ed pierzynski on Friday 12 June 2009
"On the "Ollas Option", how many holes and what size would one put in the plastic bottle? Could a cork be drilled and put in the mouth of the bottle then a tube inserted to refill from a raised rain bottle? Very interesting - very curious"
Harry Parker on Tuesday 16 June 2009
"Harry, 5-6 small holes as mentioned in the article. You could use your cork and tube method but part of the reason for having a cap screwed on the bottle is to prevent the water draining out too fast and this might increase the drain rate too much. I suggest you experiment a little and let us know what worked for you."
Jeremy Dore on Wednesday 17 June 2009
"Another option to ollas and plastic bottles would be 5 gallon plastic cans with lid and/or cap to slow the dainage....And then plant around the can...most cans are bodegradable so burial is an absolute must...With just the lid exposed....5 gallons of water would last a long time too if u adjusted the percolation rate just leyva"
al leyva on Saturday 5 December 2009
"Have you ever come across "soluble calcium". We saw it mentioned on Jimmie's Farm a few weeks ago being used in Australia to make a can of water go much further into the soil than it would if watered on "as is". It only had to be done once and lasted a long time. Really helped them grow a lot more in a barren environment. Have tried to google it but got nowhere - but think it would help my soil a lot."
Jane Le Maux on Monday 22 February 2010
"Jane, looking at the research available it seems that soluble calcium is particularly useful in displacing sodium (salt) from saline soils and also for increasing water absorption with drip systems, which is probably what they were using it for in Australia. However, from what I've read it needs to be gradually added over a period of time - see this article for an example:"
Jeremy Dore on Tuesday 23 February 2010
"Thanks Jeremy - I'm no chemist and really don't know if my soil has much if any sodium in it but another thing mentioned in the article rang a cord with me - and that is when infiltration drops below about a tenth of an inch (0.25 cm) per hour, it is difficult to get enough irrigation water into the root zone to satisfy the needs of the tree or vine. Also The soil in San Joaquin was a sandy loam. That is the very thing that has been puzzling me. My soil appears to be light and sandy, so sandy it hardly supports any grass in summer, and yet in the dips left by roots where trees have been blown over water remains for weeks. Trying to water the potager in summer is a nightmare as the water just runs off the top. Water left in plastic bottles (I use mine upside down with the lid off and the bottom cut off) - and the water remains in the bottle for days."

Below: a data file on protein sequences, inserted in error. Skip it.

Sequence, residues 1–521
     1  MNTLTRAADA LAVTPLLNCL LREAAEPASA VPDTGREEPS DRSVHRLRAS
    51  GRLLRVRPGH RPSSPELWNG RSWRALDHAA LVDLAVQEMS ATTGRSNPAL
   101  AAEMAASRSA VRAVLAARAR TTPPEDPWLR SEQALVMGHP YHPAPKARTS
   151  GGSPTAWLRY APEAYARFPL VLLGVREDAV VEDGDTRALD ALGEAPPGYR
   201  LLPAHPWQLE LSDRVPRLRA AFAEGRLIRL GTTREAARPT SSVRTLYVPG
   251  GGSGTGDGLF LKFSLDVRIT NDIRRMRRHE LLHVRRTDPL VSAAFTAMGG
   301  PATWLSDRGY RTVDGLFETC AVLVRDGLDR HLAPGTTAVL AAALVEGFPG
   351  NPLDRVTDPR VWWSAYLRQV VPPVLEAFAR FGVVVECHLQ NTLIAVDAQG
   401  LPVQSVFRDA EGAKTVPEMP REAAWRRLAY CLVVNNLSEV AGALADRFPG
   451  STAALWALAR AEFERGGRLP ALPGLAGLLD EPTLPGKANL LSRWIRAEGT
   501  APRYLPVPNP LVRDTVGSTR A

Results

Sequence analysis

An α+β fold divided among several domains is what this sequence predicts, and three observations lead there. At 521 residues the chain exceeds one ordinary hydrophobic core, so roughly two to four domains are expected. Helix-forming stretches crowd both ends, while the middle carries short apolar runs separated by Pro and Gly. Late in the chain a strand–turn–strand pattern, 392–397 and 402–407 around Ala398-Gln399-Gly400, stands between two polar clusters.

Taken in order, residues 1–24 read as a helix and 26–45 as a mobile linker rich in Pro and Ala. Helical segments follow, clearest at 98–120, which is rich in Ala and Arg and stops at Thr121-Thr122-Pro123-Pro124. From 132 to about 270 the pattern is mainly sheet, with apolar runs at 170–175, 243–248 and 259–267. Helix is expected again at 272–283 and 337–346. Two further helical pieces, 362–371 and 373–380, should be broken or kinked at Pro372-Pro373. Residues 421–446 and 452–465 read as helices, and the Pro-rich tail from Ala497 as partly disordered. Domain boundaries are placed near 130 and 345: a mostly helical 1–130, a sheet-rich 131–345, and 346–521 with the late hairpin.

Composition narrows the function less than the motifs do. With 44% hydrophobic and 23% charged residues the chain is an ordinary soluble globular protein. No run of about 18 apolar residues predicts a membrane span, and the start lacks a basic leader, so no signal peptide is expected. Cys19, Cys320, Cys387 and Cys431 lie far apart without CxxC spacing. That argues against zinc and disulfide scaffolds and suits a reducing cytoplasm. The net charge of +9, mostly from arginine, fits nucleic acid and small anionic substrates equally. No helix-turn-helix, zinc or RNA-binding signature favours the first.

Jane Le Maux on Tuesday 23 February 2010
"Can you demonstrate or show a drawing maybe or in any manner you think best to explain how to apply three sisters gardening, i don't understand what this means three sister gardening ."
Jovenal on Saturday 22 January 2011
"Jovenal - there's a good illustration of the three sisters technique here:"
Jeremy Dore on Wednesday 26 January 2011
"Experiment with Wicks"
GrahamK on Monday 2 May 2011
"I'm developing an easier continuous irrigation system than Ollas (porous pots) using rope wicks instead. If you want to try this out - it is very easy - email Graham at and I will tell you more"
GrahamK on Monday 2 May 2011
"I wanted about 50 ollas for my garden, but nearly fainted when I saw how much that would cost. So, instead, I'm taking my Simply Orange plastic juice containers (shaped a little like ollas), chopping off the bottoms, then gluing them to 4" unglazed pots (drain hole plugged). They fit perfectly together. I'll be using silicone glue made for aquariums because it's non-toxic to fish.... and, um, I'm assuming non-toxic to humans too.... I hope. I also found on a blog called "Closer to the Dirt" some guy that is gluing two large clay pots together to make ollas. Oh, and the orange juice cartons are free since we already buy the orange juice, and the 4" clay pots are about $1 US."
Sylvia B. in Dallas, TX on Friday 12 August 2011
"What a great idea! After a summer like this, you Texans and your neighbors can really use more ingenious ideas for getting water into the soil."
Barbara Pleasant on Saturday 13 August 2011
"I wanted to add this link on a large program in Pakistan making use of buried jugs:"
Barbara Pleasant on Monday 15 October 2012
"Thank you Barbara Pleasant for adding link of article "Vegetable production in deserts of Pakistan through pitcher irrigation" from my web ( "
Saif Malik on Monday 15 October 2012